yhst-23599503122488_2038_353559064The Green Goblin Vs. Barrack Obama. Yes, I DID just type that.

And yes, you WILL leave a comment.

WRITER: Andy Diggle
ARTIST: Roberto De La Torre
COLORIST: Frank Martin
LETTERER: Albert Deschensne

Norman Osborn and Victoria Hand meet the newly innaugerated President (drawn as Obama but never named), who invites Norman to fly on Air Force One and defend himself against certain allegations. Doc Samson’s aboard with a DVD of th
e Thunderbolt Mountain security footage detailing Norman’s Green Goblin rampage. Stalling, Norman twists Samson’s story against him, bringing up the ceramic blade he smuggled and accusing him of collaborating with the psychic saboteurs. When it comes time to play the footage, missiles destroy the fighter escorts and the new Thunderbolts, already inside Air Force One, strike. Yelena Belovna, Black Widow II, takes over the cockpit while the Irredeemable Ant-Man freaks Samson out with a tiny gamma emitter on his collar. The Ghost secures the DVD, setting the stage for the show-stopper: a decoy Green Goblin who explodes onto the plane.

With Amazing Spider-Man #583 reviving 90s-style speculation with its tacked-on, five-page Obama story, I’m surprised Marvel promoted the President’s likeness here so little. After all, this full-length comic uses America’s leadership change in service to the company’s core storyline, so it could effectively pull new readers into the larger Marvel Universe. On the other hand, perhaps Marvel doesn’t want mainstream media focus directed at crass, violent Thunderbolts and has taken the right path in marketing a simple, non-challenging Spidey story to Obamaphiles who will never read what’s inside their ebay-gouged variant covers. Regardless, Andy Diggle knows how to do a timely comic right; he uses current events where they make sense in the course of Marvel’s ongoing plot without drawing attention away from the fiction, lapsing into diatribe, or making references that will date the book. Instead,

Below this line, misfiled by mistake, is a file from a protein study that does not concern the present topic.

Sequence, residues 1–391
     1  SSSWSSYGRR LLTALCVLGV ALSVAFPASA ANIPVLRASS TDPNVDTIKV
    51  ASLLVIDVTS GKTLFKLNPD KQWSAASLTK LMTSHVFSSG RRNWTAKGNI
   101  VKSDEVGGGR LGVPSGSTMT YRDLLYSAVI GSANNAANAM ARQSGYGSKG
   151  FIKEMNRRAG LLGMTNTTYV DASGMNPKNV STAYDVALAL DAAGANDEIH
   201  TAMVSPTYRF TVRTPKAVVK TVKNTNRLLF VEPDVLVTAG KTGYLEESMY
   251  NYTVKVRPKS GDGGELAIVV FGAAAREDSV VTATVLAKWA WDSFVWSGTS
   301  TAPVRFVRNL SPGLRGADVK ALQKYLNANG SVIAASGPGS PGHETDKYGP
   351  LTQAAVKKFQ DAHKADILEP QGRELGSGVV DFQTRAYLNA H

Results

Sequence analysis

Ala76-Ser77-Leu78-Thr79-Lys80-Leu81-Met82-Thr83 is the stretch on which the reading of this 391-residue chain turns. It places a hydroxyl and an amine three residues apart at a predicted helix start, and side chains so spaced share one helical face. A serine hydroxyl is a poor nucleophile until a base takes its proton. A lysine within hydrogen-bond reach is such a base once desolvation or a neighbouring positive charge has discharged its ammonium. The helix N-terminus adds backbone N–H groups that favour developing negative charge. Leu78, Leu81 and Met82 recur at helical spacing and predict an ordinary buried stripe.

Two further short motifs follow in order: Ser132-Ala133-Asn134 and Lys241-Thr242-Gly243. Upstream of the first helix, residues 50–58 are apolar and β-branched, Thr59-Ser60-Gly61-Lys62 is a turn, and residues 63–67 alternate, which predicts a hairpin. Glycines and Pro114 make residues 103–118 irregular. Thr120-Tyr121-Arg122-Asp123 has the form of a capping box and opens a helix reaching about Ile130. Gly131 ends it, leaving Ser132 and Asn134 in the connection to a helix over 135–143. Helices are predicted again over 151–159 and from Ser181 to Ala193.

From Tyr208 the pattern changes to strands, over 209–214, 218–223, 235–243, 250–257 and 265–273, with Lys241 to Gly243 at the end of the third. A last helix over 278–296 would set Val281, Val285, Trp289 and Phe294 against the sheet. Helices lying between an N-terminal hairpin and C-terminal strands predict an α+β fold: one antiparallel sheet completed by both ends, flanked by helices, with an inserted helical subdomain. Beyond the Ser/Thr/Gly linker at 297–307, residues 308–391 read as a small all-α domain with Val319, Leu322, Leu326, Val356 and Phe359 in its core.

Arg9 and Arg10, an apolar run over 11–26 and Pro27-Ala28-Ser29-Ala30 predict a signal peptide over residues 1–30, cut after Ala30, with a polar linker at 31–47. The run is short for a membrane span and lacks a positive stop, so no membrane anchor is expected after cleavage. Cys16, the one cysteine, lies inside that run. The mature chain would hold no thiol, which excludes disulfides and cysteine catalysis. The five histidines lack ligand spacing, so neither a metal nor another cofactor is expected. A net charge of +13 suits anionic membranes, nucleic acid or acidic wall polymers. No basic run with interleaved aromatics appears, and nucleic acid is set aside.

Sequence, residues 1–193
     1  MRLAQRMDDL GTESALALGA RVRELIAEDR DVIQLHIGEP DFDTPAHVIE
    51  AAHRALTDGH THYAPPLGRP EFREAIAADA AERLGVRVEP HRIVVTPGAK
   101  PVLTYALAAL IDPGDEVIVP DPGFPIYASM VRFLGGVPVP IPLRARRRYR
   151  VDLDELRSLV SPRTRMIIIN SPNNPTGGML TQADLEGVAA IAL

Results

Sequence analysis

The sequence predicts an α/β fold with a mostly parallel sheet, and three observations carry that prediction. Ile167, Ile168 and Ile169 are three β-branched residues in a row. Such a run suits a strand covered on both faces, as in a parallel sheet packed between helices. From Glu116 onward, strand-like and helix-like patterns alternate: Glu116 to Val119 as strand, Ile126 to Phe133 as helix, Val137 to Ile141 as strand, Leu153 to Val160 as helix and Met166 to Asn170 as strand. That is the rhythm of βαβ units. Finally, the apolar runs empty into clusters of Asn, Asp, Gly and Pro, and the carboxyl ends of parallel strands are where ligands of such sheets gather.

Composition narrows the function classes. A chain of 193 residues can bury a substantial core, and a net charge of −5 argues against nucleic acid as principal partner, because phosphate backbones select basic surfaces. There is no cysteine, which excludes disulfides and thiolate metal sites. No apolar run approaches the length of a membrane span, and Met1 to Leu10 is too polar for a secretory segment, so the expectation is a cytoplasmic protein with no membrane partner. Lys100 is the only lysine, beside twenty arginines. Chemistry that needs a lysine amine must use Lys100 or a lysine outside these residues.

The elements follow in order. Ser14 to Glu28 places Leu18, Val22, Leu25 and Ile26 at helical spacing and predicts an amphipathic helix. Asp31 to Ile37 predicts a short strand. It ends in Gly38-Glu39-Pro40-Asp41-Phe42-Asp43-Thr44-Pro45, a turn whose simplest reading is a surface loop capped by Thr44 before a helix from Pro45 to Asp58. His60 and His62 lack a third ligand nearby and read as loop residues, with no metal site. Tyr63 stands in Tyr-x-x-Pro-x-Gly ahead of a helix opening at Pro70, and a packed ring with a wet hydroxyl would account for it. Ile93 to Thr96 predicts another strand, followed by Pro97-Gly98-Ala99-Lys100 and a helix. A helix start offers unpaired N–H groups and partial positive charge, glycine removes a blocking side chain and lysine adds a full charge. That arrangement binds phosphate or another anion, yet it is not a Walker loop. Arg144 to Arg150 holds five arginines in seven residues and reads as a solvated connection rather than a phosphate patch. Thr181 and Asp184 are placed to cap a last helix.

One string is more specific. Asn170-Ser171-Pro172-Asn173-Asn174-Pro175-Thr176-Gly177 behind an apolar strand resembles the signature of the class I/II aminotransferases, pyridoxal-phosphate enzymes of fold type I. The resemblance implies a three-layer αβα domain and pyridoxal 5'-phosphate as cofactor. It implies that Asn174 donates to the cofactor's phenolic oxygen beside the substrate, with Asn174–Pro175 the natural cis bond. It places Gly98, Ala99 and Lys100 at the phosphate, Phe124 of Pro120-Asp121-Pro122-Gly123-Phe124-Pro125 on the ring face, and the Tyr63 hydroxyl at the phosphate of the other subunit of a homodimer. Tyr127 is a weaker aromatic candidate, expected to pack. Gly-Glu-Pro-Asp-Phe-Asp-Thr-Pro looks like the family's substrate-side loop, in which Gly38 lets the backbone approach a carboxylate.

he injects just enough reality to make it fun while he addresses how Norman deals with his appointor’s skeptical replacement.

Early on, Norman sits with his fist clenched, later gripping the side of a table. We seldom witness visible stress during Norman’s periods of sanity because writers play up his smug confidence in his own schemes and contingency plans. As the story unfolds, we find that Mr. Osborn did, in fact, have his trademark aces firmly in sleeve. But, even as he plies his manipulator’s craft, the tension pushes him to the verge of self-certainty. Diggle and Roberto de la Torre execute this balancing act with deft subtlety and finesse, proving rare mastery over their much-exposed protagonist.

Diggle makes inspired roster choices for what Norman calls a “covert assassination squad.” These obscure and cult characters have the right chemistry of powers and personalities for a book such as this, but ultimately Diggle must fully realize the potential offered by underused, blank slate characters. So far, I’m slightly annoyed by Ant Man, curious of Ghost’s presence, and intrigued by Black Widow. I anxiously await Diggle’s plans for Headsman, Paladine, Mr. X, and the cover’s badass hockey mask mystery man. Best of all, Diggle drops these misfits straight into action and reserves the lengthy recruitment scenes for flashbacks spread over multiple issues.

4 webheads out of 5. No other comic has me biting my lip in anticipation month after month, and this creative team has yet to produce a disappointing issue.


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